MADISON, Ala. - It's been more than a year since the City of Madison has had an active, full time, permanent Fire Chief. That ended Monday night.
Back in February 2016, former Madison Fire Chief Ralph Cobb was placed on administrative leave, and then ultimately retired in October, after being investigated for age discrimination.
Just weeks after Cobb's retirement, Police Chief Larry Muncey submitted his resignation after being found guilty of contempt of court for questioning his officers during the Eric Parker trial.
Monday night, thunderous applause greeted the new Fire Chief, David Bailey, in a city eager to turn the page on a dark chapter of history.
“I’m very excited to be here," said the newly installed chief.
Bailey fought fires in Virginia for ten years, before becoming fire chief of Harriman, a small town in East Tennessee.
This was his first day with a Madison patch on his shoulder.
“The government and the whole community just really spoke to myself and my family that this was the right place to raise our girls and my son," said Bailey, in an interview with WHNT News 19.
Bailey said, while he has big plans for the department, he's comforted to know, he's inheriting a strong team.
“I know we’ve got a lot of opportunities for improvement but overall I feel like we’re in a very good place right now," he said.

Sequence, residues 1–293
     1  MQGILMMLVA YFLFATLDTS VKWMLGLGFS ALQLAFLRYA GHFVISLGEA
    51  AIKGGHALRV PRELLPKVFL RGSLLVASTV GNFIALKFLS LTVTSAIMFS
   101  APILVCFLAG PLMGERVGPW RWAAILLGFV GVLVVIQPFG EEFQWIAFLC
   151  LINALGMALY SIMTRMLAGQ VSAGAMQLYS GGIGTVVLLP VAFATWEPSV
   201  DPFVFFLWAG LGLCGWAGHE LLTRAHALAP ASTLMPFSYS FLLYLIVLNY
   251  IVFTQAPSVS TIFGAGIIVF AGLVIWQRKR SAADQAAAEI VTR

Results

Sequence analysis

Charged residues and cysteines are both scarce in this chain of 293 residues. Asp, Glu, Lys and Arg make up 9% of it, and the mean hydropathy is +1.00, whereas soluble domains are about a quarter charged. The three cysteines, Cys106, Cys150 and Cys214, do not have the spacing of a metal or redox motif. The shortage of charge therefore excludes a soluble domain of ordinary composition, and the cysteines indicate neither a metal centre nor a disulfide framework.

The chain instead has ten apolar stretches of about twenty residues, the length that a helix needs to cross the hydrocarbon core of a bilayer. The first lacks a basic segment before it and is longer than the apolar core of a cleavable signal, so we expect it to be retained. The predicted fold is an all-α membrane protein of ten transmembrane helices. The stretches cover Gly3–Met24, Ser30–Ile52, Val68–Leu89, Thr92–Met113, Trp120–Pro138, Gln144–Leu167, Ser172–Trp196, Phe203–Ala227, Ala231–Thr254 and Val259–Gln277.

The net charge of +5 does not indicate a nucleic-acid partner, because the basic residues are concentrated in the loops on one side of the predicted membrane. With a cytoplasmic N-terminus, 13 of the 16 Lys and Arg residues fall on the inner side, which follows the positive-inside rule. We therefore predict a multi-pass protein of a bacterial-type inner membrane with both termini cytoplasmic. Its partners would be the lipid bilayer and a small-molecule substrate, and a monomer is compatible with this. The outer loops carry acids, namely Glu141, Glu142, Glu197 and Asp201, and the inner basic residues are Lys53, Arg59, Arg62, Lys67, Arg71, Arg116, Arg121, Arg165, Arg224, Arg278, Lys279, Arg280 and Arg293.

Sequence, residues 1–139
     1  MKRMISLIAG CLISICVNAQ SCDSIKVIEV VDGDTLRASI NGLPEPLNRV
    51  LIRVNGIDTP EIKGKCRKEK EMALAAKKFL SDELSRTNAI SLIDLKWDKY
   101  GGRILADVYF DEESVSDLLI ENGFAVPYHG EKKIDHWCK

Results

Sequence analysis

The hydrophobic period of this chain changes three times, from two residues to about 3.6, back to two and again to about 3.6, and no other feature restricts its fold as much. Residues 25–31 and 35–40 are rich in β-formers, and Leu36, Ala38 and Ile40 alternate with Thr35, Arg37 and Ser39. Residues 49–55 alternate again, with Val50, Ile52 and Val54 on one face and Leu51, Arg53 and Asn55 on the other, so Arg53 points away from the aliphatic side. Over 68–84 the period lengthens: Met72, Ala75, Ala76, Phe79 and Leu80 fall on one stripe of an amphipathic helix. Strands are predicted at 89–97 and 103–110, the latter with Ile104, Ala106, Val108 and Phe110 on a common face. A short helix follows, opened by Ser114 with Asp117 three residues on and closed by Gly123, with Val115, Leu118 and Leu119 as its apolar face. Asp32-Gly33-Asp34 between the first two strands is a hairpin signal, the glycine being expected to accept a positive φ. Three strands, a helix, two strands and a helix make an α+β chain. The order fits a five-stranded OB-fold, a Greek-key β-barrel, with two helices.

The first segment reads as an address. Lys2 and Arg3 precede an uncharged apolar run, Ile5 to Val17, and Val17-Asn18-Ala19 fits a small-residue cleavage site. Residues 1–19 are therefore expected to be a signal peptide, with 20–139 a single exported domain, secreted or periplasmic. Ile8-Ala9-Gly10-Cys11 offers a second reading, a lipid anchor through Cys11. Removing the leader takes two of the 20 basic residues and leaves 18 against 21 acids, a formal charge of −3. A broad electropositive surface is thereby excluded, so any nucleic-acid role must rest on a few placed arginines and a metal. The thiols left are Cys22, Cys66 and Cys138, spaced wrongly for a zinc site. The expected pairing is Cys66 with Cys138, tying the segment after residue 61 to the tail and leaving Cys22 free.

Madison Mayor Paul Finley echoed Chief Bailey's vision and optimism for the future.
"One his overall sense of 'strategery', especially when it came to working with the county and the sister communities and secondly his understanding of working with our individual firefighters for a plan for each one of them to be successful," said Finley.
While former Chief Cobb's seat has been filled, there's still a void at the top of the Madison Police Department, following Larry Muncey's departure.
“We had half of our interview last week for the down select, the other half will be this week. From there, we hope to bring council 3-5 strong candidates," says Finley.
After this week, Mayor Finley hopes to have the final interviews take place mid-May, a decision by the end of the month and another swearing-in ceremony the first of July.
Only then can he take a sigh of relief.
“Police and fire make up 200 of our 350 employees in the city of Madison. These are two desperate requirements for strong leadership but it’s also public safety which is critical in the minds of council and of mayor," said Mayor Finley
The City of Madison also announced Monday evening, they will be adding the position of Communication Specialist, that will help expand the city's efforts online and on social media.